By Jim Schutze
By Rachel Watts
By Lauren Drewes Daniels
By Anna Merlan
By Lee Escobedo
"Dragonflies have a ferocious appetite," said Kahn in The Dallas Morning News, explaining the bar's "nouveau eco" theme and its relationship to Lower Greenville nightlife. "Their sexual ability is abundant, and they're always mating and finding companions." Priebe told the newspaper he and Kahn planned to open several bars with the fly theme, including the Bar Fly and the Fruit Fly. It was a strategy they thought would catapult them to the pinnacle of Dallas' nightclub scene.
"I've been in the club business for quite a while," says Kahn, "and it was a cool name and a cool concept." And that concept was how Priebe sold Norman on both Kahn and the Dragonfly: a tony crossover nightspot that included a restaurant, jazz lounge, cigar bar, and dance club slated for the former London Tavern space on Greenville Avenue.
Norman recalls that the first time she met Kahn she didn't care for him. "I just got the feeling that he was not an aboveboard kind of guy." But his resume, which included key roles in clubs like Eden 2000, Blue Planet, and Prime Time 21, impressed her. And she could see that his persuasiveness and charisma were just what the project needed to draw attention and crowds. Even though a bit smarmy, he definitely had the gift of gab. And he would be a good front man.
Tall and wiry with slicked black hair, 38-year-old Kahn is a dark, brooding man with a stark, angular face. His speech is rapid and spasmodic, his words running together almost in a slur. Some find his approach unpleasant and grating, others manipulative and convincing. But almost no one disputes that Kahn has a knack for uncovering personal vulnerabilities--whether they be greed, vanity, or pity--and exploiting them mercilessly.
"I didn't like Steve. But that didn't mean I couldn't do business with him," Norman says. Yet if she had taken the time to peek into Kahn's past, she may have reached a different conclusion.
Kahn comes from a family of fiercely independent entrepreneurs who have a nasty habit of suing the hell out of one another. In the late '70s, his father, Charles Kahn, launched a wholesale shoe business that he quickly expanded into 10 retail stores. In the '80s, through his son Bruce, Charles became involved in the nightclub business, an enterprise that eventually drew him and both of his sons into a series of club ventures.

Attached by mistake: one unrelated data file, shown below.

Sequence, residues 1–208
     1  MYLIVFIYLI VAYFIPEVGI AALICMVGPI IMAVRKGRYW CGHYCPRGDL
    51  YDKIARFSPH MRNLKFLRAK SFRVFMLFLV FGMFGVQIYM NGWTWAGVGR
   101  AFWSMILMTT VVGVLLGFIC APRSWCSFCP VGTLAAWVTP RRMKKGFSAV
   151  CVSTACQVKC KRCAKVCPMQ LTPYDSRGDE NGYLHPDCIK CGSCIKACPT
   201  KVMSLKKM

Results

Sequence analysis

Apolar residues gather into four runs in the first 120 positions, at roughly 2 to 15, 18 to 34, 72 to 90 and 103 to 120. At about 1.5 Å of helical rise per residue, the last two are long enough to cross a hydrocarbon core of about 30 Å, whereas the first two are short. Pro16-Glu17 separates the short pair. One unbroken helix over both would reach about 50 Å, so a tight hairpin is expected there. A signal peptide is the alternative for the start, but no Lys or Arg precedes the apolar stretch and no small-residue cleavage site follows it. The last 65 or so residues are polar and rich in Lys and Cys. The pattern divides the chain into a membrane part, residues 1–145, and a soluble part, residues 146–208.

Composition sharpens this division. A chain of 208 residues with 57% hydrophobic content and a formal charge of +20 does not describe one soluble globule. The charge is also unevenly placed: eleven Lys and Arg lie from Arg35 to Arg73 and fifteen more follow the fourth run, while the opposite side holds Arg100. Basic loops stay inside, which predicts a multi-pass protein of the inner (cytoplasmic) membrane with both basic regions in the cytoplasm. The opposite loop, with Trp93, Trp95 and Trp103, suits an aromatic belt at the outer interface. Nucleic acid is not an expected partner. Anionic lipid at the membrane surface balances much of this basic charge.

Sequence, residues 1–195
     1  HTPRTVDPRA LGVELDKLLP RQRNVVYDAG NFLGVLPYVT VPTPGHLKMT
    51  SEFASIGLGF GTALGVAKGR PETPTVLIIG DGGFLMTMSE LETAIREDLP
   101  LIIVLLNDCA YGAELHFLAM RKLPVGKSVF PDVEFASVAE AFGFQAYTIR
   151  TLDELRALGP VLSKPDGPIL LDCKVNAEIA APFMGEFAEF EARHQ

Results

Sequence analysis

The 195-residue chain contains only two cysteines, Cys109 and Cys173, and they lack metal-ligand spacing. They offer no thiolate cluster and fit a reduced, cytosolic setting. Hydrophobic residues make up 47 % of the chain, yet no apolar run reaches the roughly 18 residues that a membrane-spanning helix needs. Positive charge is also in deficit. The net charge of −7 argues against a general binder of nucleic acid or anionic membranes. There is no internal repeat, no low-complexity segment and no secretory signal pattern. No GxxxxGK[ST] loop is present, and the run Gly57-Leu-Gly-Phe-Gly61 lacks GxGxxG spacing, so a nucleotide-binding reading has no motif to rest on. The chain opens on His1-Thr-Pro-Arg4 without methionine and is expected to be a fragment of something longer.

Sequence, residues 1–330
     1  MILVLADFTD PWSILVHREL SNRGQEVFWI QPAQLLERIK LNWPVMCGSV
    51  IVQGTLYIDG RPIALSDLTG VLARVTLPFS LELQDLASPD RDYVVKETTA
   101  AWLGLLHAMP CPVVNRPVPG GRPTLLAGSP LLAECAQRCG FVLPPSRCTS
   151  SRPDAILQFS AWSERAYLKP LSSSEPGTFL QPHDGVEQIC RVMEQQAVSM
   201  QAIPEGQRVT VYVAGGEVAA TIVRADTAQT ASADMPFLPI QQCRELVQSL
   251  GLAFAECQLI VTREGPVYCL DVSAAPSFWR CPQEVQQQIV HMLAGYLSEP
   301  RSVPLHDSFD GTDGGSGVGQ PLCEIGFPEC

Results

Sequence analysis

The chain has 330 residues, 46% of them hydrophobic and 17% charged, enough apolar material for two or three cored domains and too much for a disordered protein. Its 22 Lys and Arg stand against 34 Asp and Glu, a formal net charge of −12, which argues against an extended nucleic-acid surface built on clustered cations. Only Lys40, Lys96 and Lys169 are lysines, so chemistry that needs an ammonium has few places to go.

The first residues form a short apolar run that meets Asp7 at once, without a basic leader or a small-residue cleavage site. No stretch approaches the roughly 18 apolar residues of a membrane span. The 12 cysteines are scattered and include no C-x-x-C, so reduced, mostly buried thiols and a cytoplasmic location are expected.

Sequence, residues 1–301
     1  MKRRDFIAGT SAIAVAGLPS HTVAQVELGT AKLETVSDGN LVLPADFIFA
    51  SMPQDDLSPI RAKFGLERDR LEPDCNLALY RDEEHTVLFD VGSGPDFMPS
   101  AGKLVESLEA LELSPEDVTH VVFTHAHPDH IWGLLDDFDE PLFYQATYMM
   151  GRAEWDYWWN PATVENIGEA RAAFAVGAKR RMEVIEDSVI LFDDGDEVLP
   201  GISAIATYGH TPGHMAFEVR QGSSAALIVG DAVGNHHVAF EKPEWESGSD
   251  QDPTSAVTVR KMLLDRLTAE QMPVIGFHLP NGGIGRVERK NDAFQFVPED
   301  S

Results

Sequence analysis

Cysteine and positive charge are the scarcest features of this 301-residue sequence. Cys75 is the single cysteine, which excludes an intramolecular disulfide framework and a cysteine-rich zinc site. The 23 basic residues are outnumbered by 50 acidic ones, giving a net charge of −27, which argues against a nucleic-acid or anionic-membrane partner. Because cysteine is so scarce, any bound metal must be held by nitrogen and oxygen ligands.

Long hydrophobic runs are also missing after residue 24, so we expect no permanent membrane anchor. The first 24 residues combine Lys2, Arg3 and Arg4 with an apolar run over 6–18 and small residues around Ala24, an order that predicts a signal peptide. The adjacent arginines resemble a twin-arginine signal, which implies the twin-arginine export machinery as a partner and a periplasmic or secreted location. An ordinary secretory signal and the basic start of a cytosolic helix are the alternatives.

In 1991, Steve Kahn, along with his mother, Marcia Kahn, started Condom Sense on Greenville Avenue, a retail prophylactic business that gained popularity during the campaign for safe sex. It was, Kahn says, his proudest moment as an entrepreneur. "We enhanced plenty of relationships," he boasts. "The mentality changed in our society--you know, the safe-sex thing. The divorce rate started to slow down. People were getting in tune with their sexuality and were hopefully doing it as couples."
In 1993, Marcia filed suit against Steve, accusing him of embezzling $18,595 from Condom Sense and spending the money for his own personal use instead of covering business expenses and debts. The case would be settled in 1995. Condom Sense on Lower Greenville was sold to Jamal Alshalabi, a Dragonfly investor, in 1997. Marcia still operates the Condom Sense on Electronic Lane in Dallas.
Marcia had already been sued in December 1990 by her son Bruce, who claimed that he had purchased a dining-room table, couch, and refrigerator and stored it in his mother's house for safekeeping. Only she refused to return the items. The case was eventually dismissed for "want of prosecution."
In 1996, Steve and his father were sued by nightclub owners M.M. Halabi and Abdul Galil Noaman, who alleged fraud and conspiracy in connection with the Kahns' operation of Prime Time 21, Eden 2000, and The New Mirage clubs. Halabi and Noaman were partners with Charles Kahn in the corporations that ran these clubs, each with roughly a one-third interest. Charles had installed Steve as manager of some of the clubs over the strenuous objection of the other partners.
Among the allegations were that Charles Kahn diverted corporate funds to cover personal expenses and that father and son had conspired to wrest control of the clubs from Halabi and Noaman. As part of the settlement, ownership was divided between them: Charles took control of Eden 2000; Halabi and Noaman became exclusive owners of Prime Time 21 and The New Mirage. Steve Kahn was also permanently enjoined from being on the premises of either Prime Time 21 or The New Mirage.
On July 10, a week before the settlement became final, Charles Kahn took his own life. Marcia Kahn had sued him for divorce six months earlier, and police reports reflect that he was despondent over the end of his marriage. One acquaintance says his depression was exacerbated by the financial strain caused by the Halabi case.
In July 1998, brother Bruce filed suit against Steve for breach of contract, alleging Steve diluted his 30 percent ownership interest in 35 Royal Entertainment, a company they formed to operate the Ocean Club & Video, a sexually oriented business venture that figures prominently in the demise of the Dragonfly. Steve was accused of procuring additional investors primarily for his own personal benefit. On February 12, the brothers, having reconciled their differences, filed a joint motion to dismiss the case.